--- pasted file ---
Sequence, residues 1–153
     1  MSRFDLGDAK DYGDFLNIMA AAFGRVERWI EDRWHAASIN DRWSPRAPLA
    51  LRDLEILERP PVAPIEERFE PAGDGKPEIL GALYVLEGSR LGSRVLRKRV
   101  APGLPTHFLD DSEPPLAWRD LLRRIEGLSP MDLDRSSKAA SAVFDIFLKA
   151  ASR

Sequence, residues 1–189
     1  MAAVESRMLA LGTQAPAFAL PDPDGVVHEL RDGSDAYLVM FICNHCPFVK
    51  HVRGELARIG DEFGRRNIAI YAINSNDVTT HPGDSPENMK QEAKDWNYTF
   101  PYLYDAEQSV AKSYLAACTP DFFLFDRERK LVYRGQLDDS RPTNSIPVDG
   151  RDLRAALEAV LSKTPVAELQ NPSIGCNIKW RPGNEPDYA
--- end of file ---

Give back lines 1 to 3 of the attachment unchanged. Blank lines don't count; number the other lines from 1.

Sequence, residues 1–153
     1  MSRFDLGDAK DYGDFLNIMA AAFGRVERWI EDRWHAASIN DRWSPRAPLA
    51  LRDLEILERP PVAPIEERFE PAGDGKPEIL GALYVLEGSR LGSRVLRKRV